He and Moira have delighted in watching Graham, Laura, Tracy and Stephen grow into the special people they are, and Tom was so very proud of, and shared in, all their achievements.  He welcomed the addition to the family of Irina, Leon, Ian, Ann-Marie and Vera, and enjoyed every minute of the time he spent with them. His grandchildren truly were the icing on the cake and Tom quite simply adored:  Mathew, Andrey, Timothy, Emilia, Ryan, Kiera, Sam, Ben, Jordan, Fearchra, Donnacha and Aven.

  Each one of them is a unique individual, with amazing and diverse talent, and Moira has the comfort of knowing that a little part of Grandpa is in them all. One of the happiest times of Tom’s life was just over a year ago, when he and Moira celebrated their Golden Wedding surrounded by the family that he loved so much, and who gave him so much in return.

  Although the last few months have been difficult, Tom’s smile never dimmed and his sense of humour was as acute as ever. He accepted calmly what was to be and as a consequence this made everything a lot easier for Moira and the family. The wonders of technology kept Tom in close touch with his more adventurous family members, and how much they wish that there was access to Skype in heaven!

Tom was a humble man who expected nothing, but gave much to many.

  He was a good friend, a wise counsellor and he gave his all to any project he undertook.  He would have been amazed at the tributes that have poured in for him and the distances people have been prepared to travel to pay their respects today. His sparkly eyes and cheery smile will live forever in the hearts of many and he will be remembered as a true gentleman. His family will miss Tom in so many ways, not least of which will be his cheery whistling, as they always followed the sound to find him! He involved them all in his crossword solving - and how pleased they were when they managed to get just one clue right!   Moira and the family would like to thank Dr Joe, the nurses and staff at Charlotte Medical Centre for their loving care of Tom over the years, but especially so in his last few weeks.
A huge thank you goes to Claire, the Macmillan Nurse who gave Tom so much support and solace when it was needed.
A heart-felt thanks to Dr. Martin and all the staff at the Alexandra Unit for their constant loving care and respect of Tom.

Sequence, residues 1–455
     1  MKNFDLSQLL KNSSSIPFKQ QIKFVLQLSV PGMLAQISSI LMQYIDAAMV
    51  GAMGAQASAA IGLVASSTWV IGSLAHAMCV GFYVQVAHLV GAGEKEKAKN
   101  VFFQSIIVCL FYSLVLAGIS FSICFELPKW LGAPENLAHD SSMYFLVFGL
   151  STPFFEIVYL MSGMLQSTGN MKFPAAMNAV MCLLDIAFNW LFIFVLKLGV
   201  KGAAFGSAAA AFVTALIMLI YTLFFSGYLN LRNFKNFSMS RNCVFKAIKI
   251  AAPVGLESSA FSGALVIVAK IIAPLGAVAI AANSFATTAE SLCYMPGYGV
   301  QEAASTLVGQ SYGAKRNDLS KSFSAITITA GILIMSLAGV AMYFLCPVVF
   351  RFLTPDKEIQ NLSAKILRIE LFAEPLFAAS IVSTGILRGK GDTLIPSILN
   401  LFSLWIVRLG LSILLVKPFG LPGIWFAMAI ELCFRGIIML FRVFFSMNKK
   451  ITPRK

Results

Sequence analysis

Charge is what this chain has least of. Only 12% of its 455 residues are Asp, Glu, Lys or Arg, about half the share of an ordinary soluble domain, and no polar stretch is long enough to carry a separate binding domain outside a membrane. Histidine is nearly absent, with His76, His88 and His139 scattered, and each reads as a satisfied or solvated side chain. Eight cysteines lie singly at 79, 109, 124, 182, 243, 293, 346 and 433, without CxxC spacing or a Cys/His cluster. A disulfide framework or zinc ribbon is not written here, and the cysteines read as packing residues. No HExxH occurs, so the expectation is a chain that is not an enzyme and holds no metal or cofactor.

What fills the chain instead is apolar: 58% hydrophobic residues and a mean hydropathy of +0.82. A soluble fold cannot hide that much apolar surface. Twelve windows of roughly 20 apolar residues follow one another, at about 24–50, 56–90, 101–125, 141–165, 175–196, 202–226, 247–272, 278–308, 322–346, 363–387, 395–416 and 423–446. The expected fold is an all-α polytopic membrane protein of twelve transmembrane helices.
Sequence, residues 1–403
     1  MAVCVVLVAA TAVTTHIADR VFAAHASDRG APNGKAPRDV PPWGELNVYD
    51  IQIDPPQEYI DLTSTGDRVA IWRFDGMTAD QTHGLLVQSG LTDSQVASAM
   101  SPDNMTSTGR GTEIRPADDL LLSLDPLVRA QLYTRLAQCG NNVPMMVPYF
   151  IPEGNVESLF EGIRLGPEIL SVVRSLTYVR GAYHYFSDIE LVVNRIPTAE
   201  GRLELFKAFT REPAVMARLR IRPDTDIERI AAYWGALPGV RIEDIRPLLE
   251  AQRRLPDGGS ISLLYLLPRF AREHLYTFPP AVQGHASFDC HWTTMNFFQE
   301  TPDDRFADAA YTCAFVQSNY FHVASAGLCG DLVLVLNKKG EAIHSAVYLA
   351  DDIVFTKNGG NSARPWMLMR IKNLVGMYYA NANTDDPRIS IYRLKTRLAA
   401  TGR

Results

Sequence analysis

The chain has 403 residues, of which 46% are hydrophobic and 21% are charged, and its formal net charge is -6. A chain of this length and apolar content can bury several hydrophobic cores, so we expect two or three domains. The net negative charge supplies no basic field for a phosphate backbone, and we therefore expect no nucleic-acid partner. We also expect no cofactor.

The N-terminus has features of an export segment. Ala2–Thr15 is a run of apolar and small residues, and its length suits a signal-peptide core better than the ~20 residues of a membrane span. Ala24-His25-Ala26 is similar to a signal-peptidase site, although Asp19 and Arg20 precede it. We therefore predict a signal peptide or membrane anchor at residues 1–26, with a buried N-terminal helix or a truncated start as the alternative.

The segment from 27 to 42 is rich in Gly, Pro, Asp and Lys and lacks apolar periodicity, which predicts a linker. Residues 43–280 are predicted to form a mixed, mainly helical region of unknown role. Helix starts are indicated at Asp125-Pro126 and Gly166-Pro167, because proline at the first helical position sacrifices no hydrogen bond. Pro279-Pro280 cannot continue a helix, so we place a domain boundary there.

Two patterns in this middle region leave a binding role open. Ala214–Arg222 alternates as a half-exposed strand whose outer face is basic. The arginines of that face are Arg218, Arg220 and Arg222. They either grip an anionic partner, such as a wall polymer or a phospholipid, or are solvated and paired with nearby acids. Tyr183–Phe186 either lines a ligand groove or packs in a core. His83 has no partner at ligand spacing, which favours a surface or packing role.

Thanks are extended to (the S.T.A.R.S. Team,) The Marie Curie Nurses and Stewartry Care for their help and support.

Thanks also to all family, friends, colleagues and neighbours who have visited, phoned, (arranged for masses to be said,) sent cards, letters, e-mails, flowers, plants and contributed delicious food.

To all those special people who have supported and cared for Tom through his life and in his illness and who continue to support Moira and the family in the times ahead – a sincere and loving thank you.

  “Each life touches this world in a way no others can, leaving not only wonderful memories but lasting imprints in our hearts”.

Tom Bartlett certainly did that.

 

April 24 2013
  

  Martin Hale has sent me the order of service for our old friend Tom Bartlett and goes
  on to say: It was a very moving service with the coffin draped with the Union Jack and
  a representative of the RAF in attendance. Many people attended and the Chapel was
  overflowing. Martin Hale together with old colleagues including Richard Donnel, 
 John Campbelton, George Barclay, Brian Corless, Travis Moore, Gerry Robertson, 
  Isobel Swan George Greenfield, John Shaw, John Hanson, David Smith, Barclay Graham, 
  Peggy Higham and their partners were there

  The order of Service is shown below

 

 

 

 

  

 

 

April 15 2013

 
Tom Bartlett
  Moira gives advice about parking for those joining her to pay their respect 
  to Tom at his funeral


  Hi folks,
  For those of you who will be joining us on the 24th I feel it wise to point out 
  that parking at the Chapel of Rest can fill up quite quickly.   I would advise 
  that you car share where possible and come a good 30-40 minutes before 
  the service is due to start and to give yourselves plenty of time.  Please 
  also pass the word around in case I have missed anyone.
  Safe travelling.
  Love and hugs
  Moira x=



April 13 2013

 
Tom Bartlett
  Martin Hale received the following information from Moira about the funeral 
  arrangements for Tom

 

  There will be a celebration of Tom's life on Wednesday 24th April at 11.00am
  at the Chapel of Rest, 23 Terregles Street, Dumfries followed by committal
  at Roucan Loch Crematorium.  Tom asked that there should be family flowers
  only but there will be an opportunity to make a donation to charities should
  anyone wish to do so.

 

April 11 2013

 Sadly Martin Hale tells us the news of Tom Bartlett’s passing

  “I have just taken a call from Moira Bartlett to tell me that sadly, Tom passed 
  away this morning, at home with family around him. He came home from the 
  Alexandra Hospice unit yesterday”

  When the funeral arrangements are known we will advise

***************************************


April 7 2013

Linda Triggs the niece of Margaret Swanson tells us: 

Hi, just thought I’d let you know about the death of my aunt Margaret Swanson.

She worked for North British Rubber Edinburgh from 1st July 1954 to 1983 (UniRoyal)
 as a secretary to general manager (John Kiernan). Her starting salary was £28 per month.